Which would you choose, sneaked or snuck? My first instinct, when faced with this question, was to worry about which was correct. While sneaked sounds vaguely more grammatically correct, snuck sounds natural. The person who posed the question to me wasn’t a grammarian but a computational biologist named Joshua Plotkin. And he wasn’t concerned with right or wrong. To him, this was a nice example of language evolution in action—and if he’s right in a recent analysis, that process is like biological evolution in ways people hadn’t previously recognised. Languages, like living things, were not designed, and yet in both cases, through their evolution, structure, utility and beauty emerge. In the 1860s, soon after Darwin’s theory of evolution by natural selection was published, linguist August Schleicher defended it by pointing to the already known evolution of language.
“Analogies between language change and evolution literally go back to Darwin, though originally in the opposite direction—Darwin invoked language change to explain biological evolution,” Harvard linguistics and psychology professor Stephen Pinker told me, commenting on the study by email. “So this paper is a debt repaid.”
This kind of analysis is likely to give grammatical purists food for thought, and may even help explain why today’s watered-down use of the word “awesome” refuses to die. Plotkin said his analysis, published in the journal Nature, required several massive digitised databases of English writing, spanning the years from the 12th to the 21st centuries. To that, he applied the mathematical tools of population genetics—what he has used to study how viruses and bacteria evolve.These organisms can evolve through natural selection but also through random changes—a process called genetic drift. DNA copying errors lead to variations that are neither good nor bad for survival, but spread because more individuals with the mutation happened to survive and reproduce.
Plotkin says mutations that are known to have spread through this process of random drift increase their frequency with a different mathematical pattern than do mutations that spread through natural selection. For one thing, genes under the influence of random drift alone tend to oscillate in frequency—becoming more common and then less common and then more common again. Plotkin suspected that the same patterns would show up in language changes. Indeed, he found that a number of them followed the same pattern as genes increasing through genetic drift. Other changes in the way people use English showed a pattern similar to natural selection—survival of the fittest — said Plotkin, including the replacement of sneaked by snuck. (Sneaked was the predominant form before the 20th century but, love it or hate it, snuck is becoming dominant.) With genes and word variations alike, math doesn’t necessarily tell scientists what advantage a new form has over the old. What, exactly, makes one word “fitter” than another? Simple, easy-to-remember terms usually win over complex ones, Plotkin says—but not always. Take the verb dove, which has gradually taken over from the older dived.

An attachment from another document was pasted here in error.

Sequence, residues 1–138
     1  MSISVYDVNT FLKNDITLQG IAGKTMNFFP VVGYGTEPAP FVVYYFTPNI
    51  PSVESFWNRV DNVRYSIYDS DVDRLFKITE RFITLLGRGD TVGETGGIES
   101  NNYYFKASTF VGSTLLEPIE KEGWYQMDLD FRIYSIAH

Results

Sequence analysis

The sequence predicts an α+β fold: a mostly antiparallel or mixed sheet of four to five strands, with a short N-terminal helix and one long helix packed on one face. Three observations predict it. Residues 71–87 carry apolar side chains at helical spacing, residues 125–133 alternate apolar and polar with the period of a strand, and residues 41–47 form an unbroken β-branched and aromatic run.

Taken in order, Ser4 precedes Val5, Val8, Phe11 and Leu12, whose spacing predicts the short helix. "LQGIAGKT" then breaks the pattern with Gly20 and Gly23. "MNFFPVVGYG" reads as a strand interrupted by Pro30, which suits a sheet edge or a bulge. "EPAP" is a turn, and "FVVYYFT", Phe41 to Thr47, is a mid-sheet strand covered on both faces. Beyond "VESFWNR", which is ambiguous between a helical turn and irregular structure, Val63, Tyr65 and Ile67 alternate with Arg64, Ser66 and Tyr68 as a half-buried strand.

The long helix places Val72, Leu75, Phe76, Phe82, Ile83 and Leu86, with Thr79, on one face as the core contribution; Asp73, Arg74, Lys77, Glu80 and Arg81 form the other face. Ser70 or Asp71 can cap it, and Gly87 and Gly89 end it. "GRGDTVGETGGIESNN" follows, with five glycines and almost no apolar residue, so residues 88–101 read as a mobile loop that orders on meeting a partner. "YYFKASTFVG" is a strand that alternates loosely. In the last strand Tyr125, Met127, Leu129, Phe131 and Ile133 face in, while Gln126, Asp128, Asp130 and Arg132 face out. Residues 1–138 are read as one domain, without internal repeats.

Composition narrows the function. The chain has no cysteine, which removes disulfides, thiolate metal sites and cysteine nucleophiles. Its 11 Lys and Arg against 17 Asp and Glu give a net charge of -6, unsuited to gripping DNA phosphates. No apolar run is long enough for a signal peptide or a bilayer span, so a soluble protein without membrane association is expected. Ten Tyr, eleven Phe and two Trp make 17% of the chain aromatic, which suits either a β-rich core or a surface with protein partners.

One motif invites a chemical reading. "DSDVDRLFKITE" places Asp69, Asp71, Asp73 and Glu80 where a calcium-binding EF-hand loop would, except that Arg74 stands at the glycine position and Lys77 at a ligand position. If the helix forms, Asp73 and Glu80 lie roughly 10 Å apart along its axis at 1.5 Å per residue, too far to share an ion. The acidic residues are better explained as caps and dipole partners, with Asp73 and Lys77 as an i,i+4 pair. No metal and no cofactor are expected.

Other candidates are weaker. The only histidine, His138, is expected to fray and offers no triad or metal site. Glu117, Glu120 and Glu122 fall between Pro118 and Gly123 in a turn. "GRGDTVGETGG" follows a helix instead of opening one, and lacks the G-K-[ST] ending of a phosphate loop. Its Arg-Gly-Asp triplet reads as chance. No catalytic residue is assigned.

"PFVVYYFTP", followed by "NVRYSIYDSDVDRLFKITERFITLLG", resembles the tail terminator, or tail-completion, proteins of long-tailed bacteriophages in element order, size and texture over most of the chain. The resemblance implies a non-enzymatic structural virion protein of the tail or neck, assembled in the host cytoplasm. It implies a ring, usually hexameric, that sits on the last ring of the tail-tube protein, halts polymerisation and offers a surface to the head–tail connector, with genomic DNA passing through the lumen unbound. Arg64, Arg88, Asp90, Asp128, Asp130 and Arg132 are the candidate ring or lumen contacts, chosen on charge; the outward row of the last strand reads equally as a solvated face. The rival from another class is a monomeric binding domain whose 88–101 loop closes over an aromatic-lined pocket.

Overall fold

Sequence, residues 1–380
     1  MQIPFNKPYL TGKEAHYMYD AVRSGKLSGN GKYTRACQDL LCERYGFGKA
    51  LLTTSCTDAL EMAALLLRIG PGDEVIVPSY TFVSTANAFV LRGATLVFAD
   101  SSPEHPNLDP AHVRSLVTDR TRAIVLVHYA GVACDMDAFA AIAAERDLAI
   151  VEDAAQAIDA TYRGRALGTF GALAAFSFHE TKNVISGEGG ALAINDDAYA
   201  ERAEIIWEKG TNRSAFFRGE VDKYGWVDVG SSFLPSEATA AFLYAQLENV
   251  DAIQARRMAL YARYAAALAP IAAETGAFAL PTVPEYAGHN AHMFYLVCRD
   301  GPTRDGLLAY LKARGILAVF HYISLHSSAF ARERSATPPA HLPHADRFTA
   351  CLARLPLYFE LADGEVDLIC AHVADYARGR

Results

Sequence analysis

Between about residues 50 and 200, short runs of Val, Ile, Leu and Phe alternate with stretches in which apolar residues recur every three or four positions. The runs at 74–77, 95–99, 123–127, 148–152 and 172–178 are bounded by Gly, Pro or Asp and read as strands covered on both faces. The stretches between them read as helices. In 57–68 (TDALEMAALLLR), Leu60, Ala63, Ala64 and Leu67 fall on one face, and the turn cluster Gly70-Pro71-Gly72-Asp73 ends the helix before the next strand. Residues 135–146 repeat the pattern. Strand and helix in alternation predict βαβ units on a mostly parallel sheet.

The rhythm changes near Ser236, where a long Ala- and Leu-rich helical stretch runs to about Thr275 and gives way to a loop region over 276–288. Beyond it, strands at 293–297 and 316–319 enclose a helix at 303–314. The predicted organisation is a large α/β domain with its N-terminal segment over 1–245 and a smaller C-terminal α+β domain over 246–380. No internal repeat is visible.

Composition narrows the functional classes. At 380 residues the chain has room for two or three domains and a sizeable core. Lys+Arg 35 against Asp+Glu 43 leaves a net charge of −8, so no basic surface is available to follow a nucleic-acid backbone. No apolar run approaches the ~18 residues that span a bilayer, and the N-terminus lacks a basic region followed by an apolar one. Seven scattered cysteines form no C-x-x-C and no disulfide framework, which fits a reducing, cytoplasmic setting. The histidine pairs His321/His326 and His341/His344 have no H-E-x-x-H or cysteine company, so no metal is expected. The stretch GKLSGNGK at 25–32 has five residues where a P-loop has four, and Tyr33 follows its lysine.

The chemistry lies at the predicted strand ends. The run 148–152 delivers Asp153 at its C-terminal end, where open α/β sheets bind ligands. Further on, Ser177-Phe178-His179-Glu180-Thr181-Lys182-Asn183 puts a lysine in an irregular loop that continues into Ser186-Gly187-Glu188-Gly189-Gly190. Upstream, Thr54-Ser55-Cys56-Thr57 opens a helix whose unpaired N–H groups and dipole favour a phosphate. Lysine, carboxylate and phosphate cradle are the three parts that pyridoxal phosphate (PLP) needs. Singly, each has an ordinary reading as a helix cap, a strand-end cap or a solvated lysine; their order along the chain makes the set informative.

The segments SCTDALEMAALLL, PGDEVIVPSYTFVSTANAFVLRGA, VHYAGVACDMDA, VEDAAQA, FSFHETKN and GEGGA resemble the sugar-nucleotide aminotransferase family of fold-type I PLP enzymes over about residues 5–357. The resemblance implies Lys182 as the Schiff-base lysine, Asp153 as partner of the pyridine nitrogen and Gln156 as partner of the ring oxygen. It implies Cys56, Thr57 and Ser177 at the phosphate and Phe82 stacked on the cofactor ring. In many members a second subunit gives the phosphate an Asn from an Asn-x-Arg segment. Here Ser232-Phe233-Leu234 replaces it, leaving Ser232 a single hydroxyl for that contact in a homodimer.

Dived is regular—it follows the usual rule for making verbs past tense. But dove feels right to us now. Plotkin said dove benefited from the increasing use of the word drive, with its irregular past-tense form drove. The shift happened alongside the popularity of automobiles, after all. In a similar vein, he said, English speakers used to say “quitted, but now we just say “quit” for both past and present tense, as we say split and hit. In all these cases, rhyme may win out over reason.
Natural-selection-like patterns applied to several other kinds of changes, including the use of the word do, as in “Do you want a drink?” or “Don’t say that”, as opposed to the older “Want you a drink?” or “Say that not”. There, said Plotkin, the change probably started because a few such uses of “do” snuck in at random, and people naturally started to regularise the general form.
Plotkin also looked at the history of double negatives, which are currently considered a no-no in English. (Or maybe that should just be a no.) If you were to consider it with Spock-like logic, then someone saying “they don’t have no bananas” would mean they do have bananas. But Spock would likely be disappointed. Double negatives often creep into a language for emphasis. The second negative doesn’t negate the first—it reinforces it. But once this becomes common, it loses its power of emphasis, and the usage may drift back to the single negative again. It made me wonder about the persistence of the world “awesome” to express what okay used to mean. Perhaps, its loss of emphatic power will cause it to die—or perhaps it will just replace “okay” and something else will replace the original “awesome”.
This leaves open the question of where our evolving language is headed. Is it decaying or improving? One of the big advances Darwin made was to show that biological evolution wasn’t a ladder ascending to perfection. He understood that “fitness” is a moving target. Environments change, and living things keep adapting. Despite more than 3 billion years of evolution behind us, no life form has yet achieved perfection (except, arguably, cats). And likewise, English may be changing without getting better or worse overall. It’s tempting to think that Shakespeare had a more beautiful, unsullied version of English to work with, but that’s probably not the case. He just possessed great skill in using the language of his time. But that doesn’t mean all styles are equally good. Pinker’s recent book on writing, The Sense of Style, helps readers consider the most effective ways to use language for clear, vivid communication. Another favourite of mine is The Zen of Writing by Ray Bradbury. If you haven’t yet snuck out to get these books, don’t hesitate. I dove right in, and never quit learning from them.